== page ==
Home Price Growth Flattens in April

Home Price Growth Flattens in April

Home Price Growth Flattens in April

The FINANCIAL -- Home prices slowed in April, according to a report released on June 30, highlighting that the housing recovery remains bumpy.

The S&P/Case-Shiller home price index, covering the entire nation, rose 4.2% in the 12 months ended in April, weaker than a 4.3% increase in March, according to Nasdaq.

The 10-city and 20-city indexes saw weaker increases in April than in March. The 10-city index gained 4.6% from a year earlier, compared with 4.7% in March. The 20-city index gained 4.9% year-over-year, compared with a 5% increase in both March and February.

Economists surveyed by The Wall Street Journal expected a 5.6% increase to the 20-city index.

"Home prices continue to rise across the country, but the pace is not accelerating," said David Blitzer, managing director and chairman of the Index Committee at S&P Dow Jones Indices.

Month-over-month home price gains were tepid, according to the report. Not seasonally adjusted, the U.S. index rose 1.1% from March to April. The 10-city index saw a 1% month-over-month change and the 20-city index saw a 1.1% change over the month.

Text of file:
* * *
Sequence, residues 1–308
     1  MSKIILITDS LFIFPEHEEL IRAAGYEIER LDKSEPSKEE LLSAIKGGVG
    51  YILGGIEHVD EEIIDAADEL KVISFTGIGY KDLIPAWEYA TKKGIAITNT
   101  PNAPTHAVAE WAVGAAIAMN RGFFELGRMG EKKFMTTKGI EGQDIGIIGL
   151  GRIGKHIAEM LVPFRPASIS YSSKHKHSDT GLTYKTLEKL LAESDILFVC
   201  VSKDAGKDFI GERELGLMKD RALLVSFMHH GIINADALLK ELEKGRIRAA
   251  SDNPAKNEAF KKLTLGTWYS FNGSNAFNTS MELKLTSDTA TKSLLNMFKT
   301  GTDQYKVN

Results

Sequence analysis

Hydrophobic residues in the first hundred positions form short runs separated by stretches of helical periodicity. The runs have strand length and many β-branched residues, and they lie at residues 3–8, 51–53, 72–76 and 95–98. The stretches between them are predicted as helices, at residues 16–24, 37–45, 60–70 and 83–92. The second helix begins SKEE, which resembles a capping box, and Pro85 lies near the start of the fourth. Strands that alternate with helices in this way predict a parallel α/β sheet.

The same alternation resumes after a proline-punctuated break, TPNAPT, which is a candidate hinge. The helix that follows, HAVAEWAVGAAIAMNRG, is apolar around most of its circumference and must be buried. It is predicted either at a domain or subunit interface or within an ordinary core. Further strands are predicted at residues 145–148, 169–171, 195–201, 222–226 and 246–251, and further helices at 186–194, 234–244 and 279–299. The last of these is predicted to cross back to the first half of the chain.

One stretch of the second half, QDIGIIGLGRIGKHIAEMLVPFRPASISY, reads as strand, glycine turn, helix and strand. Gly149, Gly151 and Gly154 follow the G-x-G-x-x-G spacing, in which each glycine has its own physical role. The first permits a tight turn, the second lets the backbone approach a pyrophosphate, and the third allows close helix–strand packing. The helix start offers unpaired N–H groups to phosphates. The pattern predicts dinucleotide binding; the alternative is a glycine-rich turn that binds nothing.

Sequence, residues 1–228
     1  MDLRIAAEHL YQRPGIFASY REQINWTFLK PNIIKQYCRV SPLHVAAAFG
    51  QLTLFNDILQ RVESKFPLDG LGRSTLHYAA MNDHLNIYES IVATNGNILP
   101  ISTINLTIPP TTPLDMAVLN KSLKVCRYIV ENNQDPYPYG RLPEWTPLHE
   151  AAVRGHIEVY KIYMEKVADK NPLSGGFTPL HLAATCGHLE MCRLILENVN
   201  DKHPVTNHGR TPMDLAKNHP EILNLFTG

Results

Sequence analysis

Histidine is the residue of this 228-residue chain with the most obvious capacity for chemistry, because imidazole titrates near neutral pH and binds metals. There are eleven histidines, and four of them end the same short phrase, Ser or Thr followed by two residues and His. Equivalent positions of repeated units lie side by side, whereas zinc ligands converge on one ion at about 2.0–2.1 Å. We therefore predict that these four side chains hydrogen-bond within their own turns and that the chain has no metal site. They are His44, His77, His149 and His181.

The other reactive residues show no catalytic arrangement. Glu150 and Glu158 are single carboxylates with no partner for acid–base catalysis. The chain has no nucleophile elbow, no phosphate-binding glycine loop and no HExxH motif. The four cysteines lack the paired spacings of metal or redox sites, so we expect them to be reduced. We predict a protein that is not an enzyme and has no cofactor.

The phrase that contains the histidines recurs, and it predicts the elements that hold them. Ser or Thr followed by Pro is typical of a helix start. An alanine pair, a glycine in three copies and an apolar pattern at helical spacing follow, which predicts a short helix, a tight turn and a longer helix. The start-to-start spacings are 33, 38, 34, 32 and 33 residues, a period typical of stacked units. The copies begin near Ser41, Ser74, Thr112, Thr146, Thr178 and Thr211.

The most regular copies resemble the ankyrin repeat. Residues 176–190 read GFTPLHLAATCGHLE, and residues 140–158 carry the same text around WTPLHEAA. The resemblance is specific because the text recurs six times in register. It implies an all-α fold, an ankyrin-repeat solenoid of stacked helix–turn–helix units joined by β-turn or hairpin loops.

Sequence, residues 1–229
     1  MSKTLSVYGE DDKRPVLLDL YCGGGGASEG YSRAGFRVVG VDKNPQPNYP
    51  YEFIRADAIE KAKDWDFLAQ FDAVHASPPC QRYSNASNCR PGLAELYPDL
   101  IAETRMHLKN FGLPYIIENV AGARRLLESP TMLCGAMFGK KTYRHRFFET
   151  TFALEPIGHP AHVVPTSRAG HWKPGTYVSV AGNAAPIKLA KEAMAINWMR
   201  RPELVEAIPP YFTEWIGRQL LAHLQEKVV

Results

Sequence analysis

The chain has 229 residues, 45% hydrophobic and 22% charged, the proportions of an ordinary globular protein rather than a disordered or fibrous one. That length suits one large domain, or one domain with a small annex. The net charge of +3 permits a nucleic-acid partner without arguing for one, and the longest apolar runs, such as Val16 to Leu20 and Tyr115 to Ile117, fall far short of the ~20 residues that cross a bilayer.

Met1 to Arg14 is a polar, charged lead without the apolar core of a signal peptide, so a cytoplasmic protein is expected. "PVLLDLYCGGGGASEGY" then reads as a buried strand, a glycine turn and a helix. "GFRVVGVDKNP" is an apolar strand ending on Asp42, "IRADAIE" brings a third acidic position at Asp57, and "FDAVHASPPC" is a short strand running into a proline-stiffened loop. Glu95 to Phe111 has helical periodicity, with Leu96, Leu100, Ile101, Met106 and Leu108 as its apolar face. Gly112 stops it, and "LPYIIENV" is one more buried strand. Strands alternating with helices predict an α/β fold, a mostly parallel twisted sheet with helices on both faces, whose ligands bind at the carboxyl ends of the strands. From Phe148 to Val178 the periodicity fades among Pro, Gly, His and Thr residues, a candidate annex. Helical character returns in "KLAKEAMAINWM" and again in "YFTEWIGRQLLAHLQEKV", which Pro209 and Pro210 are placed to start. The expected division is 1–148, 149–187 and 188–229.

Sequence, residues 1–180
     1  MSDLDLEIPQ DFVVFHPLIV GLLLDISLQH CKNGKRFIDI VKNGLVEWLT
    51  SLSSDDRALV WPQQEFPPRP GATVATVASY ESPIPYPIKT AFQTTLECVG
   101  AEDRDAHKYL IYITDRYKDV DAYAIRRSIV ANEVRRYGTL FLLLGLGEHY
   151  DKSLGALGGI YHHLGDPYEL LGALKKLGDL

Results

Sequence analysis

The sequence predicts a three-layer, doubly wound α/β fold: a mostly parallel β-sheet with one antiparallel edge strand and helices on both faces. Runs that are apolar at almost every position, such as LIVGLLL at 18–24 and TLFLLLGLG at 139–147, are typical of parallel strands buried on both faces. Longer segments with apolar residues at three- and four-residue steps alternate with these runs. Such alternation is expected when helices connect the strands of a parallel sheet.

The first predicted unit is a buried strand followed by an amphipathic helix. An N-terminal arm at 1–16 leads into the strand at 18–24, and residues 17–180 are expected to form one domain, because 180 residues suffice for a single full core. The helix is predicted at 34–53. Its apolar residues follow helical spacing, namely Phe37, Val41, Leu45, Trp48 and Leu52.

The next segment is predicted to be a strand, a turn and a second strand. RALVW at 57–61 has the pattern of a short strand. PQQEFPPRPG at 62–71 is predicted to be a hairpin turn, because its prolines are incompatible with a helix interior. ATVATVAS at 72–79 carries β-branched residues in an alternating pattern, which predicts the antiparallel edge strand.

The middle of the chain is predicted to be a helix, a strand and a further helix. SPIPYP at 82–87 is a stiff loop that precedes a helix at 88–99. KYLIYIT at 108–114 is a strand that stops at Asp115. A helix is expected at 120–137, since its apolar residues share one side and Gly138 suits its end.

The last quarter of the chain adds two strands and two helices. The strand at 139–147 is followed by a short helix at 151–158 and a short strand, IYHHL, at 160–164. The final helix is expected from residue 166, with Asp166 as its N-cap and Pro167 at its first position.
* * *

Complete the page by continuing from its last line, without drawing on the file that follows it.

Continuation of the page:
After seasonal adjustment, the national index was unchanged and the 10- and 20-city composites were up 0.3% and 0.4%.

The Case-Shiller index offers a lagging read on how the housing market, showing how it was performing more than a month ago. April was a weak month for housing, according to data released earlier by the National Association of Realtors, but the market has picked up momentum since then.

Economists are predicting the 2015 could be the best year for the housing market since the crisis, as more first-time home buyers enter the market and wages improve. The National Association of Realtors is predicting that prices in 2015 will surpass their 2006 peak—although factoring a decade later those prices are more modest.

Indeed, after a huge boom and bust economists said that they are hopeful the housing market is finally settling down into healthy levels of growth.

"It's the most normal it's been since the early 2000s," said David Berson, chief economist at Nationwide Insurance.

Still, new-home construction is well below typical levels, contributing to a shortage of inventory that has been driving up prices in hot markets such as Denver and San Francisco. Those cities reported the highest year-over-year gains with price increases of 10.3% in Denver and 10%, in San Francisco over the last year.

"We're not quite normal yet," Mr. Berson said.